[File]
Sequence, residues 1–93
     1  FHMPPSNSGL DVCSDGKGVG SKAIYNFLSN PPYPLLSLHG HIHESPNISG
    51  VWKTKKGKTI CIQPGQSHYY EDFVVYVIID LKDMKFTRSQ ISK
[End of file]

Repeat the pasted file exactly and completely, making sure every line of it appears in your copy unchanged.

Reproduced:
Sequence, residues 1–93
     1  FHMPPSNSGL DVCSDGKGVG SKAIYNFLSN PPYPLLSLHG HIHESPNISG
    51  VWKTKKGKTI CIQPGQSHYY EDFVVYVIID LKDMKFTRSQ ISK